Solved crisis by developing new product

Sep 11, 2019

Tekst: Anne-Lise Aakervik
Foto: v/Erik Børseth

When the manufacturer suddenly pulled from the market a critical medical mesh used to keep parastomal hernias under control, the doctors were forced to take matters into their own hands.


From right: surgeons Brynjulf Ystgaard and Tor Eivind Bernstein, with Tonje S. Steigedal from TTO. Surgeon Tommy Bernhard Johnsen also worked on this invention, but he was not present when this photograph was taken.

This was one of only a few types of mesh on the market that were fit for the purpose. Gastric surgeons at St. Olavs Hospital were not lost, however. They literally picked up a needle and solved the crisis by developing a new type of mesh. They are currently in the process of patenting their solution, hoping to distribute the mesh worldwide.

“The situation was actually quite critical for us,” says Dr. Tor Eivind Bernstein, a surgeon and one of the three inventors. In addition to practising medicine at St. Olavs Hospital, he is also affiliated with the Department of Clinical and Molecular Medicine at NTNU.

New ideas
“We had several surgeries scheduled when this mesh was suddenly pulled from the market. It was discovered that the seams on the mesh were weak. They could quite literally unravel, and the product was therefore pulled from the market worldwide.”

Now, surgeons and patients were left with a different type of mesh made from porcine connective tissue, but this is not as durable as the other type, and few surgeons would use it as a permanent solution.

The surgeons asked around to find out what other hospitals were doing, but they didn’t get any solutions. “That’s when we decided to just go for it ourselves, and our solution proved to work quite well. So well, in fact, that we’re hoping to find someone who would like to licence our product.”

Sat down with needle and thread: When a surgical mesh used in ostomy surgeries was pulled from the market, the surgeons were forced to find their own solution. The result was “Bakermesh”, an improved and specialized mesh.


Considerable demand
The patients who need this type of mesh are patients who have had surgery to create an artificial opening in the abdomen to drain urine and/or faeces. These openings are called stomas. There are around 15 million ostomy patients worldwide, and approx. half of these will develop a hernia after the surgery where the artificial opening in their abdomen was created. A hernia occurs when tissue from the abdominal cavity pushes through a weakness in the abdominal wall. This often causes the ostomy bag to detach, and new surgery is needed to repair the hernia. That is what the mesh is for—it reinforces the abdominal wall.

So, when it was held back in October of last year the surgeons had to find their own way.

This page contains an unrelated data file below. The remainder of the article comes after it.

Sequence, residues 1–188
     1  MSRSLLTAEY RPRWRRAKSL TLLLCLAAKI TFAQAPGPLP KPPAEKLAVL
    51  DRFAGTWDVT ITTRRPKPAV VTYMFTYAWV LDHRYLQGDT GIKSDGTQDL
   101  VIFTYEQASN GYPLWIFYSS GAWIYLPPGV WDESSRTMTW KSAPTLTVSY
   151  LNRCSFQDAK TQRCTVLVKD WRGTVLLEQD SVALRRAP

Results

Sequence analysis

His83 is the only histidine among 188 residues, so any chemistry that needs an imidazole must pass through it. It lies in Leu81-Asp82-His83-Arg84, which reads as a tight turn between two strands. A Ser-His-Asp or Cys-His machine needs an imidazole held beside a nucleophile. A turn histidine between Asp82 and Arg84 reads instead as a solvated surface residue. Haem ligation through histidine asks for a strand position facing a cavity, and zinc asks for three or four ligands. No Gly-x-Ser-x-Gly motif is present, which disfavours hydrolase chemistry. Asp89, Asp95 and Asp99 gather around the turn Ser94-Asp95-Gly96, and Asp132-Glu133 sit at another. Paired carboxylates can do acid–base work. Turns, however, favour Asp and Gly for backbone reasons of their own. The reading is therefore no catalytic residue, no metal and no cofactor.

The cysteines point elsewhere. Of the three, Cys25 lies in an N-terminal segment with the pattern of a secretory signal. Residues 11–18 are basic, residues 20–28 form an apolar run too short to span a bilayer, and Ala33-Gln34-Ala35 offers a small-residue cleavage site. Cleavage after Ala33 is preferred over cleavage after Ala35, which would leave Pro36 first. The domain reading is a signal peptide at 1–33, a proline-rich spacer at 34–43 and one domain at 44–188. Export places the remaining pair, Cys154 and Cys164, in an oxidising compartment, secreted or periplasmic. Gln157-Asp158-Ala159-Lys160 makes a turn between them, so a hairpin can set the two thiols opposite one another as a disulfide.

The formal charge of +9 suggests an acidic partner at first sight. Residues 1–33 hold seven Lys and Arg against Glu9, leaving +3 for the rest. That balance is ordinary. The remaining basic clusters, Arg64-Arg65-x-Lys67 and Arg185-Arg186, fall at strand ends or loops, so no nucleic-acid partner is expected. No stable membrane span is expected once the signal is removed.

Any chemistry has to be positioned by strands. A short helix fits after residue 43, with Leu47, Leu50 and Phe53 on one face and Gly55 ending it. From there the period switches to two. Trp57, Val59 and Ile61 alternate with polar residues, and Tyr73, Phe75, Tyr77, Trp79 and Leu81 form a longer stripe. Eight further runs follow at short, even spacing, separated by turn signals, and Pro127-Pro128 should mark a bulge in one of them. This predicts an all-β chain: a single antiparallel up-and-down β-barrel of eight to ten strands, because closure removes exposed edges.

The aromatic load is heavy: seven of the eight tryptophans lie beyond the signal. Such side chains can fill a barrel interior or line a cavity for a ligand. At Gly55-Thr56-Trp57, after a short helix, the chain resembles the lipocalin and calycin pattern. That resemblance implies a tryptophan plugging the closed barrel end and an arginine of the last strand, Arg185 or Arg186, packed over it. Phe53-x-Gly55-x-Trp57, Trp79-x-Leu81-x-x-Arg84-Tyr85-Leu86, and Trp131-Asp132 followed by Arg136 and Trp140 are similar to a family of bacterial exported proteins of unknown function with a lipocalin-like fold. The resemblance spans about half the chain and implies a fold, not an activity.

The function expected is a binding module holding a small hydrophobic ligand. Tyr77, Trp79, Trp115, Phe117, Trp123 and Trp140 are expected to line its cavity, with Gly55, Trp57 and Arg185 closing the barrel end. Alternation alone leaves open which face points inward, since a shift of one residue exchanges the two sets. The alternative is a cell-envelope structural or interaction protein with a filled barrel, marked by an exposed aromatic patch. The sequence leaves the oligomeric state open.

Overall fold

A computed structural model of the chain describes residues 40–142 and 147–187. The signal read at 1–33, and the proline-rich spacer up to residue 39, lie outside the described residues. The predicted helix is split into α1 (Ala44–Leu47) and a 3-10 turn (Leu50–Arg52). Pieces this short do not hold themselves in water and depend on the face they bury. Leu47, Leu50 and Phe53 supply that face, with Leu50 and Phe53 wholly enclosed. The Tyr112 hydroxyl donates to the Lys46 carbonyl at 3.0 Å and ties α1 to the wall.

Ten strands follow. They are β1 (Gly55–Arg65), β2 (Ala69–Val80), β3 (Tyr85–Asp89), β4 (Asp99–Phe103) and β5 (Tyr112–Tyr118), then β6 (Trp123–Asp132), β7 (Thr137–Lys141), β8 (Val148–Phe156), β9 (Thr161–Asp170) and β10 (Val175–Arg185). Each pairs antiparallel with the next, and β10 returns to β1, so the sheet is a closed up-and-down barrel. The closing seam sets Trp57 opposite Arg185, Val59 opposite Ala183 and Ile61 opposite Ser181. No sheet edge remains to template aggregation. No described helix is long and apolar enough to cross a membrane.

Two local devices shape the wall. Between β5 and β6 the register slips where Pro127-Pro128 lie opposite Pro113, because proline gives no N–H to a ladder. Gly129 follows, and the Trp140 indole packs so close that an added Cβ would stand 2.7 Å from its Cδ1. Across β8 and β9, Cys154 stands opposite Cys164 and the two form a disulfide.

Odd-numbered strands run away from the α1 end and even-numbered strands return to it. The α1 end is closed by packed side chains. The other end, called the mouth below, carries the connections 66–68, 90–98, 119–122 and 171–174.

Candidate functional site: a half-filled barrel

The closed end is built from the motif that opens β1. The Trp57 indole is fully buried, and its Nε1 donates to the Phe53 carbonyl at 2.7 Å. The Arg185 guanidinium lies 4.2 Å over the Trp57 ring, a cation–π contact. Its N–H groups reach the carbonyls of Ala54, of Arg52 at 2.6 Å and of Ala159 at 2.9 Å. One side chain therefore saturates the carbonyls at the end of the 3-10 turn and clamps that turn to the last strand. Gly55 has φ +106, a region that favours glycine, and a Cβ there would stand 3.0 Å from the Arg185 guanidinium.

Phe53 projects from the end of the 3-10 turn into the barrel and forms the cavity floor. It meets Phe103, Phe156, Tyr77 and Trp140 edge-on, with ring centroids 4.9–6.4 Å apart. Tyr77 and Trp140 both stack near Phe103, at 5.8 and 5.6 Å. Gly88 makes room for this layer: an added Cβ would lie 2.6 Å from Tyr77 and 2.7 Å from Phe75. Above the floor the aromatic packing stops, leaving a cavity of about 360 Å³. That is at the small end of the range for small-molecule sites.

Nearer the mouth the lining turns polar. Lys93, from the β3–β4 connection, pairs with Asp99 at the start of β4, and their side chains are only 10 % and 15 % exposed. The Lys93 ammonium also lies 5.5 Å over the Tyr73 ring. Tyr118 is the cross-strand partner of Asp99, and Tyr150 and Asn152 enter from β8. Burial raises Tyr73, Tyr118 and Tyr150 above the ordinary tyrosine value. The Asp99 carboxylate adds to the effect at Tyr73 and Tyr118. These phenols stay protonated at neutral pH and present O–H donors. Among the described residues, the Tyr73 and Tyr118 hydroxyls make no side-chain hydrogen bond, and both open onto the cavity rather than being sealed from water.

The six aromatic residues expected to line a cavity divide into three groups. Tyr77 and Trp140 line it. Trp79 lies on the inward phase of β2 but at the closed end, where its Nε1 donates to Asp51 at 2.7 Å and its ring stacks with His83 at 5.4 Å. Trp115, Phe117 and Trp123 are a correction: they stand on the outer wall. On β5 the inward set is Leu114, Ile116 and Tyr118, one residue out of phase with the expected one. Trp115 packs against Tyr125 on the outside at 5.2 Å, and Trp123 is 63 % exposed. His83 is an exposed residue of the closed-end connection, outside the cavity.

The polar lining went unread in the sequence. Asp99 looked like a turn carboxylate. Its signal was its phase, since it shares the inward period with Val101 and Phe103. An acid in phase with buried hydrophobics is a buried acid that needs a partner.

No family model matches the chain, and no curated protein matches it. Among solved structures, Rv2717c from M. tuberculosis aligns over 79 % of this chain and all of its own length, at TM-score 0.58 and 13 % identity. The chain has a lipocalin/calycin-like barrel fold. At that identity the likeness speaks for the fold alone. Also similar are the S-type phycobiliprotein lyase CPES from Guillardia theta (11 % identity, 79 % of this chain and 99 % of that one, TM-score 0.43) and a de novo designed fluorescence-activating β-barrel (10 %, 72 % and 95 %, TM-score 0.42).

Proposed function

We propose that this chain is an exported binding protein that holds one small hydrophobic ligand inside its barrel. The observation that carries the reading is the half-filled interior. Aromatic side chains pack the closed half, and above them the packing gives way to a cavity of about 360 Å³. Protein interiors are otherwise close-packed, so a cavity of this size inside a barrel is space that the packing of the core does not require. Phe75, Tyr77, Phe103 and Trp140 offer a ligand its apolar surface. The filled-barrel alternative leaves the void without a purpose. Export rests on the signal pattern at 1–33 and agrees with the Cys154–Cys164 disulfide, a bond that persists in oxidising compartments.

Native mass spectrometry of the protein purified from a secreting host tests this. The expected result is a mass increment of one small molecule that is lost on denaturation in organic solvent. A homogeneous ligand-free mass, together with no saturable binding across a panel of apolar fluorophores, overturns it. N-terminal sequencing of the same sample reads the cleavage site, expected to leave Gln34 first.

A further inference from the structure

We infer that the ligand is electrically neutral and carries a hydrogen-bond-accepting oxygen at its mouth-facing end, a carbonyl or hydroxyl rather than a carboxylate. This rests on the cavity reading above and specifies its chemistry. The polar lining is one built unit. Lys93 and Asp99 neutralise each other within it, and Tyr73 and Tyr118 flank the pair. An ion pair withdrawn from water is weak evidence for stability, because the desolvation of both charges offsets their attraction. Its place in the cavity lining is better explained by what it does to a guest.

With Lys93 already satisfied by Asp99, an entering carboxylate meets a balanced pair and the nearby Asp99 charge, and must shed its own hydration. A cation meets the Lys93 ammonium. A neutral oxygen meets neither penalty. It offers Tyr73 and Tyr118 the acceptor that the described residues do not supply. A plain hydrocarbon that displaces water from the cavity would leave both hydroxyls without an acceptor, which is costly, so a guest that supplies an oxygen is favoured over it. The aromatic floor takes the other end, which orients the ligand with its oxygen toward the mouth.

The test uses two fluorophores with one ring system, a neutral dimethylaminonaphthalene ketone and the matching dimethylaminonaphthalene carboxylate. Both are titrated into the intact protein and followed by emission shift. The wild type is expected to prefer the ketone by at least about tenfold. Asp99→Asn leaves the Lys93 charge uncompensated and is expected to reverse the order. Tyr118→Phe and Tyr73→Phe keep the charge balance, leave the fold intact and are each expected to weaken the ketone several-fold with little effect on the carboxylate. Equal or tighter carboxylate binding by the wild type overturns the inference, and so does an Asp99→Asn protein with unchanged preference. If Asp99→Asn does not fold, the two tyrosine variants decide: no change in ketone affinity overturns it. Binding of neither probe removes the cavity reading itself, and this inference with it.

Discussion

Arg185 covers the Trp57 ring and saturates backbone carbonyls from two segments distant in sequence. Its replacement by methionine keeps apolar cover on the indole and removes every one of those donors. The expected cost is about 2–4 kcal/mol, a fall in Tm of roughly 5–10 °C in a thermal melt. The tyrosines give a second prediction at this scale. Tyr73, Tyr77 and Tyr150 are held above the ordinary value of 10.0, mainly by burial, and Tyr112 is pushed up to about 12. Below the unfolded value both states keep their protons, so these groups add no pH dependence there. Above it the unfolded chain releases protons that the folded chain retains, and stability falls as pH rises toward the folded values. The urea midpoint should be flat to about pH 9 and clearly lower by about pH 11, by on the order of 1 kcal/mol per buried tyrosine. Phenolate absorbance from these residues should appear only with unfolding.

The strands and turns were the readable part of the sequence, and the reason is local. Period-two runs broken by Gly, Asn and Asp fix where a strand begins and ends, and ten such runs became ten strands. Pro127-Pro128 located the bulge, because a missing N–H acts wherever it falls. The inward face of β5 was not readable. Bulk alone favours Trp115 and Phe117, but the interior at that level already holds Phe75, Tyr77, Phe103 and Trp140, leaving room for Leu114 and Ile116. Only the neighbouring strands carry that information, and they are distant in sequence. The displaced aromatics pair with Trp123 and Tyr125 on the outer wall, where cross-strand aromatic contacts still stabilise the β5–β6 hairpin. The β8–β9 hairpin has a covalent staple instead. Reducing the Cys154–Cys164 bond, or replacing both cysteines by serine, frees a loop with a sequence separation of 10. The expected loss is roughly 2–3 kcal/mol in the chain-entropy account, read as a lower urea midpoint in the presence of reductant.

Crisis drives creativity
The gastric surgeons already knew their way around a sewing needle, even when human tissue is not involved. “The cost of these types of mesh is extremely high, so we couldn’t use the same material during the design phase, but as soon as we had a mesh we knew would work, we had it made in the right material, and we have been testing it in surgeries since October 2018.” 

“We follow up on this patient group very closely. The patients who are eligible to try this mesh have permanent stomas,” Bernstein explains. “The results have been good. We have documented that the mesh works well both during and after surgery, as well as in the long term. We have not had any irregularities since the patients were fitted wit our solution. And now, we’ve followed our first patients for more than six months—we’re scheduling their one-year check-up.”


Patent application
Along with Tonje S. Steigedal from TTO, they have been working on a patent application and presenting their invention to potential industrial partners. They are hoping that the product they developed can be licensed to a manufacturer, so they don’t have to make them themselves when they need them.

“It’s not like we’ve revolutionized anything here, that would be hard, but we’ve made key adjustments.”

If nobody wants to manufacture these, the surgeons have to make the mesh themselves when they need them. They would spend around 10–15 additional minutes during every surgery to make the mesh, as they cannot be pre-produced. Of course, they would prefer a ready-made mesh, where they can simply open a package.

“We know there is a need in connection with this type of surgery, and that’s why we believe the chances are good to find an industrial partner who can assist in the regulatory certification process and the commercialization of this new type of mesh. Industrial stakeholders are expressing an interest in the product and follow the results from our clinical testing closely,” says Tonje S. Steigedal.

With funding from NTNU Discovery, the team has completed their patent application and prepared a marketing package.

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